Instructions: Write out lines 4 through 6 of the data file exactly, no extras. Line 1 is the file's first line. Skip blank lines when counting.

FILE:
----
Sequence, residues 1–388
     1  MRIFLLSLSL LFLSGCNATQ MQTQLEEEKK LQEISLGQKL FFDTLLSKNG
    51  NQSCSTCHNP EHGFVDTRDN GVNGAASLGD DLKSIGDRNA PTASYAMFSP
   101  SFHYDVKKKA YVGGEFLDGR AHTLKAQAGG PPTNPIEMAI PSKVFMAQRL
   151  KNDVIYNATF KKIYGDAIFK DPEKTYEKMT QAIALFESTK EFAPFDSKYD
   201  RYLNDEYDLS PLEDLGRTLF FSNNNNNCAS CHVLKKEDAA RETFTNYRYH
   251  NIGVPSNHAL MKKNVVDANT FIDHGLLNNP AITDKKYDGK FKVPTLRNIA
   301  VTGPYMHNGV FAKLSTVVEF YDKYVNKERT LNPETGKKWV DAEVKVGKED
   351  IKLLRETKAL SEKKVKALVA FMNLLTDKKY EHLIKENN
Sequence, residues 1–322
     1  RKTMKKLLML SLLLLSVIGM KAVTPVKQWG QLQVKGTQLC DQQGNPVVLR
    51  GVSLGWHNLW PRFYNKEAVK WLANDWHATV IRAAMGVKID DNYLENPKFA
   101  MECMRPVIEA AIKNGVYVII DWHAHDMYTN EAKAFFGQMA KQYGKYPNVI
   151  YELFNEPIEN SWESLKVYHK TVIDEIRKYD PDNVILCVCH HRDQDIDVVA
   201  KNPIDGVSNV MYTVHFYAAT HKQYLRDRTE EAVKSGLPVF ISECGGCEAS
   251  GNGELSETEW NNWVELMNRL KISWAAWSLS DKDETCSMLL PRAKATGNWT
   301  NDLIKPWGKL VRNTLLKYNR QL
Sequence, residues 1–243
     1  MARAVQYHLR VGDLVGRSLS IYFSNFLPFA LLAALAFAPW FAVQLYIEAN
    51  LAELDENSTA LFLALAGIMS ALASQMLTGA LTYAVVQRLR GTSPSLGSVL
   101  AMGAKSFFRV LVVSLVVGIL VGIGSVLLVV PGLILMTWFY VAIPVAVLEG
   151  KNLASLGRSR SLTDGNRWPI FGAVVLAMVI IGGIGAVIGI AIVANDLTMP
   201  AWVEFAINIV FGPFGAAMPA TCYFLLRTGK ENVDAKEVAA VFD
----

   101  SFHYDVKKKA YVGGEFLDGR AHTLKAQAGG PPTNPIEMAI PSKVFMAQRL
   151  KNDVIYNATF KKIYGDAIFK DPEKTYEKMT QAIALFESTK EFAPFDSKYD
   201  RYLNDEYDLS PLEDLGRTLF FSNNNNNCAS CHVLKKEDAA RETFTNYRYH